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JeremiahC99

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About JeremiahC99

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  1. https://nypost.com/2020/01/24/subway-signals-expert-handpicked-by-andy-byford-also-resigns-from-mta/ https://www.nydailynews.com/new-york/ny-mta-second-officer-resigns-20200124-i2arcknaanbk7o5hvirtalo5du-story.html https://www.politico.com/states/new-york/city-hall/story/2020/01/24/byfords-signals-guru-follows-him-out-the-door-1254773 These are articles about Tomlin leaving the in general.
  2. There’s already a thread for this.
  3. You are right. The odds of winning the lotto in consecutive days and getting struck by lightning each day are much better than fixing the leadership. Funny thing is that I haven’t played the lotto in a long time, so any tips on how to improve my chances of winning?
  4. That’s a good one. Love the sarcastic joke. However, in all seriousness, it doesn’t matter who is going to be the next Transit President if they don’t fix the leadership in the MTA and in Albany itself.
  5. One of the motivations of my plan was due to the merge at Rogers Junction between the and under the other plan. As a rider in the morning, I often find the train being stuck at Nostrand Avenue on the express track while the is merging from President Street. I desire to remove this issue where needed, such as Rogers. The other plan would simply move the merge rather than eliminate it. My plan completely removes merging at Rogers Avenue while still allowing for the choice of East Side or West Side for Utica customers. With a Utica Avenue subway, I propose the go via Utica Avenue and the and take over the New Lots Line to New Lots Avenue. The service plan would only require adding switches at the portal connecting the ramp to both of the local tracks (replace the bumper with two switches). This eliminates the need to turn trains at Utica Avenue and would allow for New Lots commuters to have access to the Lexington Line (at an increased frequency). Though the local tracks between Utica and Franklin will be served by West Side local trains, there will still be cross platform transfers available today. With an expansion of subway cars, such as in the scale of the R262 order, it should be evaluated to maybe install a middle track between Utica and New Lots for possible rush hour express service in the form of the for speedier service. Also, with the R262s, they better find some room to store 225 additional cars.
  6. Isn’t Flatbush limited to turning 18 trains per hour, and wouldn’t that interfere with running normal headways with that pattern without improving Flatbush Avenue? Hontesly, I would’ve done a somewhat different pattern: to Flatbush, to New Lots, to Utica Avenue? I know Utica has some terminal issues as well, but I do believe some policy issues can fix it. Furthermore, im addition to the express pocket that ends at Ralph Avenue, there is also another track that follows the southbound local track to the portal and ends at a bumper block at East NY Avenue at the portal. Why don’t they use that? Does it need third rail?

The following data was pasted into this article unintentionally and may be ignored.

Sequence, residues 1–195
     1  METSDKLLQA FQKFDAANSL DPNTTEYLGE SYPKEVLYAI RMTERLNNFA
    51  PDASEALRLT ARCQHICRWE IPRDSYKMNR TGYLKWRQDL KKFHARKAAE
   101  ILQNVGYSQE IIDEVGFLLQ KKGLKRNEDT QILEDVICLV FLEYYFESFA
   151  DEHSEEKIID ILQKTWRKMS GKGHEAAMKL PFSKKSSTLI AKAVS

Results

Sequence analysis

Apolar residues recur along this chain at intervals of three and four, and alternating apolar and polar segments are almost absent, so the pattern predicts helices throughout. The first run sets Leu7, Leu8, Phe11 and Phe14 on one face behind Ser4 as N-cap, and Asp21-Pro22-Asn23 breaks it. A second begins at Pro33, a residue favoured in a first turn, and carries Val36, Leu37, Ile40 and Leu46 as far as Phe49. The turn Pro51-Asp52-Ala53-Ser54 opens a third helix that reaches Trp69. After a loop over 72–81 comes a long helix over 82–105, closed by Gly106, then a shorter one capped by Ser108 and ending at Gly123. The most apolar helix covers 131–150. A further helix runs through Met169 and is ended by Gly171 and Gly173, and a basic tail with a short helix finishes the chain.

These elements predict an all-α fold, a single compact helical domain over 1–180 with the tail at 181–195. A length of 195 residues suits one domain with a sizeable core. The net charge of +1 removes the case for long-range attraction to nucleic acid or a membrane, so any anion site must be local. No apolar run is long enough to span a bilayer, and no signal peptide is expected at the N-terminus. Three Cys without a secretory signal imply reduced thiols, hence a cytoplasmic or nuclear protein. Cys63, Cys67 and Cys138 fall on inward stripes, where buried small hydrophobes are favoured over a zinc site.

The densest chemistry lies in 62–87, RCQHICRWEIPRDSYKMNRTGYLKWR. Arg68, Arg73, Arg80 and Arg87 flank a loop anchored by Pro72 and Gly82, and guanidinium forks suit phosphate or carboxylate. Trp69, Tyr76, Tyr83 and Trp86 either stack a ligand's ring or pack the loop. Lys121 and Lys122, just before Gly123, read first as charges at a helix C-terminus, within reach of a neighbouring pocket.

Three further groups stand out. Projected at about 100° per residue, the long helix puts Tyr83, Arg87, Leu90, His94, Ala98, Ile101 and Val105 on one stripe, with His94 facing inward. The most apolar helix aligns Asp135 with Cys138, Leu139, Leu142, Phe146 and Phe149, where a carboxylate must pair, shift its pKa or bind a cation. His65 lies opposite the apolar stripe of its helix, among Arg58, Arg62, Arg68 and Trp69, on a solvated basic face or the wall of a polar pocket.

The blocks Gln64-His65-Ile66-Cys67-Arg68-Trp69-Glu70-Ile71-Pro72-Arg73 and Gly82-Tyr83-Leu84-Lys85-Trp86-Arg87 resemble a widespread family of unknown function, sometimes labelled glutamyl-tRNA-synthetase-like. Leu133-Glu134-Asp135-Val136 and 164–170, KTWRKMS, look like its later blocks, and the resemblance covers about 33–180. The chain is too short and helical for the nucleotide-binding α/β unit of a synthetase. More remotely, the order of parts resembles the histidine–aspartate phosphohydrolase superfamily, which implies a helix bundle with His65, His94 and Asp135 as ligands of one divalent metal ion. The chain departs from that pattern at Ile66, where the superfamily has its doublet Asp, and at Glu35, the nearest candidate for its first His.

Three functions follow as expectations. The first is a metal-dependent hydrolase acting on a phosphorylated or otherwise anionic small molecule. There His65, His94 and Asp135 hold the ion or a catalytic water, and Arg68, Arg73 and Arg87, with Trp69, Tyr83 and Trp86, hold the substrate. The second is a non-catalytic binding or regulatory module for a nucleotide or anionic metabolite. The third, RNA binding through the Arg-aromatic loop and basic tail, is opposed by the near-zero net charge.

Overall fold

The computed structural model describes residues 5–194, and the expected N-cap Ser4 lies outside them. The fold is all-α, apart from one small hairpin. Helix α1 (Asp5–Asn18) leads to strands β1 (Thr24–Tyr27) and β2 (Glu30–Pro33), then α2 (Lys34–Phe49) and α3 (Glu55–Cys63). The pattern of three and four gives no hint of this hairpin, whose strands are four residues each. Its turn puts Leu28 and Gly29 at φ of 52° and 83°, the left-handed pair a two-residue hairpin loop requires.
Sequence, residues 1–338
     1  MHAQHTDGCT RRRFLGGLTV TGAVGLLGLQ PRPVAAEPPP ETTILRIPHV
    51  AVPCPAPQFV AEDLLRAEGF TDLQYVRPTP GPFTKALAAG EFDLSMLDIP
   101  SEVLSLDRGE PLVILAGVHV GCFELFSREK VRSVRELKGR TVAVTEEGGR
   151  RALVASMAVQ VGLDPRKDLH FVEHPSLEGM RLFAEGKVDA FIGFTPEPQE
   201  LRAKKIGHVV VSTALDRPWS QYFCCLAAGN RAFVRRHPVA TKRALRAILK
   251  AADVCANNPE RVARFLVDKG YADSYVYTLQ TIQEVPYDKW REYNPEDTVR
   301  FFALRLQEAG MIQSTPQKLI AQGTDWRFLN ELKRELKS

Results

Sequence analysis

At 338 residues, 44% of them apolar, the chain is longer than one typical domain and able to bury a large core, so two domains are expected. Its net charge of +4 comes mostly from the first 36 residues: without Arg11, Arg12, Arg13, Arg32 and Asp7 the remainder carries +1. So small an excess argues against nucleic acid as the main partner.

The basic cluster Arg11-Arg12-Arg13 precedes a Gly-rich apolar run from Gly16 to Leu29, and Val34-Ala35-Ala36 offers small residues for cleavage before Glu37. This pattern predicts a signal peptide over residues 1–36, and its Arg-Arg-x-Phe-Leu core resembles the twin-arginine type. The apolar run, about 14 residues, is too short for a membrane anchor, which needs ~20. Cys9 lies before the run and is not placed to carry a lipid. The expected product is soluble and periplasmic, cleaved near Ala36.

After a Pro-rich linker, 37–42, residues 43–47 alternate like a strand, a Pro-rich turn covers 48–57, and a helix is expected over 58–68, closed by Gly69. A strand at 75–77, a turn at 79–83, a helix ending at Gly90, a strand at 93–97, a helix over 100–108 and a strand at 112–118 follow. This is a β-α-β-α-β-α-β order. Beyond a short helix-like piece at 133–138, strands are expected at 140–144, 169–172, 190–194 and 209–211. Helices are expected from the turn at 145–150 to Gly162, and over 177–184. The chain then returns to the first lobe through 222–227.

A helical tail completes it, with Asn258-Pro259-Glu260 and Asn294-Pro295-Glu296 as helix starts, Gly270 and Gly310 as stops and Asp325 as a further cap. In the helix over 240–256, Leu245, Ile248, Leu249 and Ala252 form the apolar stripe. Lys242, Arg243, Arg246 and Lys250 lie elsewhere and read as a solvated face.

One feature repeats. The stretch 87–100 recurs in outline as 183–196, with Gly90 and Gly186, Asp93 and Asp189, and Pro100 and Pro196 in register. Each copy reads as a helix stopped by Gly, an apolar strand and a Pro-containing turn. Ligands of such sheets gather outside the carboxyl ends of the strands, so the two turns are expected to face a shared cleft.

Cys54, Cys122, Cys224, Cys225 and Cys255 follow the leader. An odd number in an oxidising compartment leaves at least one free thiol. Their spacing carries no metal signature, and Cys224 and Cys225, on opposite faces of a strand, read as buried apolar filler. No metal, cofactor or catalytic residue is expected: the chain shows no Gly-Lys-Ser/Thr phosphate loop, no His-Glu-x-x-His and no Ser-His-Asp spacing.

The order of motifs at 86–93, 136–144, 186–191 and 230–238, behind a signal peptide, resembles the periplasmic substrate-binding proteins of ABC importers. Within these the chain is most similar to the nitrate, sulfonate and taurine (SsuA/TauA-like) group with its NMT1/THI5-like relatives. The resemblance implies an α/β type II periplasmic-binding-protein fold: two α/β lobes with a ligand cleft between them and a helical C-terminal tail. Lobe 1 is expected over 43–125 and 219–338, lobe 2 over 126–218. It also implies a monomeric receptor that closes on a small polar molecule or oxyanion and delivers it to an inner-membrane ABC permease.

7. I made an educated guess that cars will be moved around the system with this order. The 200 R211s for the I posted there will replace the current fleet. This means that the R32s will be retired and the R179s will be moved to East NY Yard alongside the existing 100 R179s. 100 ENY R179s + 88 displaced 207th Street R179s = 188 R179s for ENY Yard. Pitkin has 130 R179s so add the two numbers up (130+188) = 318 total R179s.
  8. Well I did punch in the numbers by yard, and here is what I came up with: Base Order of 440 R211A's plus R211T prototypes: Pitkin Yard ( and Rockaway Park Shuttle): 240 cars 207th Street Yard : 200 cars (full length trains) R211T assignments possibly on or but is subject to change. Option Orders*: Option 1 (640 cars): Jamaica : 640 cars Option 2 (437 cars): Coney Island , , /, : 405 cars (8-car trains via displaced cars possible) East New York /, , : 32 cars. *How the cars are assigned to each service individually will be at the discretion of yard personnel and preferences. This would guarantee enough cars for each yard to accommodate current and future service needs. For more information: https://docs.google.com/spreadsheets/d/1YqtovcsH7WCve-aDzBdk-tDT0nIBC6nO7MIuvWuvmbo/edit?usp=sharing
  9. It’s not like it’s needed. The trains are running back and forth independently of each other on each of the three tracks, and when they get to each terminal, the conductors and operators simply switch roles (no cab switching). In addition, both of the tracks connect to other lines so that way cars can be pulled for maintenance, so unless one of the tracks did not connect to the rest of the system, there is no need for a crossover.
  10. The Dey Street Passageway connects the entire Fulton complex with the Cortlandt Street station and also, the World Trade Center Oculus. However, the transfer is not within fare control because the believes that putting it outside fare control would maximize pedestrian flow.
  11. If I were them, I’d rather deinterline Rogers Junction. The three way merge between the , , and is a pain. Deinterlining, combined with CBTC, plus any possible fix to Flatbush Avenue would boost system reliability. We tried having Westchester Yard as a home base for the shuttle, but it was a pain to deal with, due to having to go all the way around just to get to the Pelham Line (track 4 does not connect to the Lexington Line). With the reconfiguration of the shuttle to two tracks and 6-car trains, the best place for the would be at East 180th/239th Street Yards.
  12. Nope. That’s what Metro-North’s Penn Station Access project is (in a way).
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